The Fintech History Book Vol. 1 – The dawn of fintech

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Can you imagine a world without fintech? No, of course you can’t. The days before millennials began smugly wielding luminescent orange debit cards, like a peacock fanning out its bight plumage, are resigned to a period some historians are calling ‘the past’. 

‘The past’ was a godforsaken time before cryptocurrency, online banking, machine learning or credit cards. 

It’s difficult to imagine, I know. Too alien for the millennial mind to really comprehend, it would be unreasonable to expect a reader to invest in reading about any period before fintech. 

It is ever as L. P. Hartley wrote, “the past is a foreign country; they do things differently there.” 

However, to understand where fintech came from, we must dip our toes into the murky waters of ‘the past’. Don’t panic. We won’t be submerging ourselves among the flotsam and jetsam of yesteryear. The fintech history book begins at the moment in time ‘the past’ begins to transform into ‘the future’. 

‘The past’ ends in 1865. In its place comes a period some historians are calling ‘the beginning of the future’. Italian inventor, Giovanni Caselli develops the pantelegraph. With it, ushered in is the first age of financial innovation. 

The pantelegraph was used predominantly to verify signatures in banking transactions by sending and receiving messages on telegraph cables. Not a particularly fast machine, the pantelegraph would take 108 seconds to transmit 25 words. Financial messaging has changed somewhat since. Despite that, the pantelegraph is the first fintech. Fintech ground zero. 

By 1867, the first trans-Atlantic telegraph cable was laid under the sea, connecting Western Europe to North America. It enabled instant communication between the financial hubs of London and New York. 1867 was also the year Lacrosse was introduced to Britain from Canada – although most historians these days believe the likelihood of these two events being connected is slim. 

Fast forward 51 years to 1918, to a period some historians are now calling ‘the end of the First World War.’ An event of vastly more importance during that year, however, was the creation of the first means to move funds electronically. The Federal Reserve Wire Network, saucily shortened to the portmanteau Fedwire, connected the United States’ 12 reserve banks using a Morse-code based system. 

The system was in use until the 1970s, when the fintech powers that be decided that Morse-code had become decidedly unfashionable, and that the Teleprinter exchange was far more chic. And, probably, more secure. 

Alas, the next few years were marred with unfortunate circumstances, stilling the onward drive of fintech. In 1929, the Great Depression was a rather large inhibitor to the progress of financial innovation. In the early forties, the world endured a period some historians have called ‘The Second World War’. Attentions during this period were on matters other than the development of financial technology.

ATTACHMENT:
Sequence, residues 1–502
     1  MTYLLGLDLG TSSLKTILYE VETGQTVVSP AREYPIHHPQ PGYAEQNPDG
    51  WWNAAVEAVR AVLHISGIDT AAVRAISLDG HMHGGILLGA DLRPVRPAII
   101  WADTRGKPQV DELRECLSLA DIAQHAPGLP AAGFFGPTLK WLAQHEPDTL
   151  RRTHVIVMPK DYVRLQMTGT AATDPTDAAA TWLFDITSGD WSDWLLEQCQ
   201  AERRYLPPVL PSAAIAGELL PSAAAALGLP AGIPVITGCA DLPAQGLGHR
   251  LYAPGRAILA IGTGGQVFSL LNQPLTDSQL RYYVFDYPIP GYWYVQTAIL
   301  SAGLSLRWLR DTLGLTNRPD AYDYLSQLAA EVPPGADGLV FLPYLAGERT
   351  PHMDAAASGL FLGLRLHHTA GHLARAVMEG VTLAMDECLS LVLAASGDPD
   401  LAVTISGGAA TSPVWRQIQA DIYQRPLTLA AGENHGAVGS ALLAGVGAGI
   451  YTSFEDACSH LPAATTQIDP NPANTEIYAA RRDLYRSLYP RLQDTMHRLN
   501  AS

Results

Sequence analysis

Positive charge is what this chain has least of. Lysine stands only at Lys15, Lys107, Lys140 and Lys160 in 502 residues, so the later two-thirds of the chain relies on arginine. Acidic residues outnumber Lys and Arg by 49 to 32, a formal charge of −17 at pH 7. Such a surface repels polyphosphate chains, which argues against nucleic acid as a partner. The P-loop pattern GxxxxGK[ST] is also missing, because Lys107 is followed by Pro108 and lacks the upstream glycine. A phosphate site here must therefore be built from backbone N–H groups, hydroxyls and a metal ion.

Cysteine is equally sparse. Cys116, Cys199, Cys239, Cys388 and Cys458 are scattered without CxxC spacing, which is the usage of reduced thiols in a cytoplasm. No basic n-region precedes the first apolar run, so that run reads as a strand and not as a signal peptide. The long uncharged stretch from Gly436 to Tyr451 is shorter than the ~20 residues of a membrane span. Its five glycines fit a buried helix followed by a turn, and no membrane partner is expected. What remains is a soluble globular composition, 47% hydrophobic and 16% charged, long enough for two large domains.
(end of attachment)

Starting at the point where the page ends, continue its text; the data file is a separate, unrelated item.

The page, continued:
But, roll in the 1950s, and things begin to take more of a fintech shape. The 1950s welcomed the age of skiffle bands, rock n roll and, crucially, the first credit card. Released by Diners Club, plastic became the way the cool kids paid. Three quarters of a century later, and society has moved on somewhat. Everyone and their mums is packing plastic these days. Much like the music of Jerry Lee Lewis, credit cards have lost their cool in the 21st century. 

Fast forward a decade to the 1960s – an era of psychedelic music, free love and, most importantly, the introduction of the first ATM. In 1967, Barclays brought us the first automated teller machine. 1967 was also the year that Celtic Football Club became the first British team to win the European Cup – although most historians these days believe it’s unlikely the two events are connected. 

The ATM called a ‘robot-cashier’ to distribute your funds, and years from now some historians may point to this moment as the catalyst for the impending robot takeover. Regardless, 1967 was a sure step towards the fintech vision of the future.

After 100 years of financial innovation, we find ourselves in the swinging sixties, surrounded by The Beatles, credit cards and Robot Cashiers all getting on like a house on fire. But, the winds were heavy with change. The next 50 years sees us move further towards the age of the apex of fintech and the luminescent orange debit card wielding millennial. Keep your eyes peeled for the Fintech History Book Vol. 2 to get your next fix of fintech history.


Register for FinTech Connect on 3–4 December at ExCeL, London.

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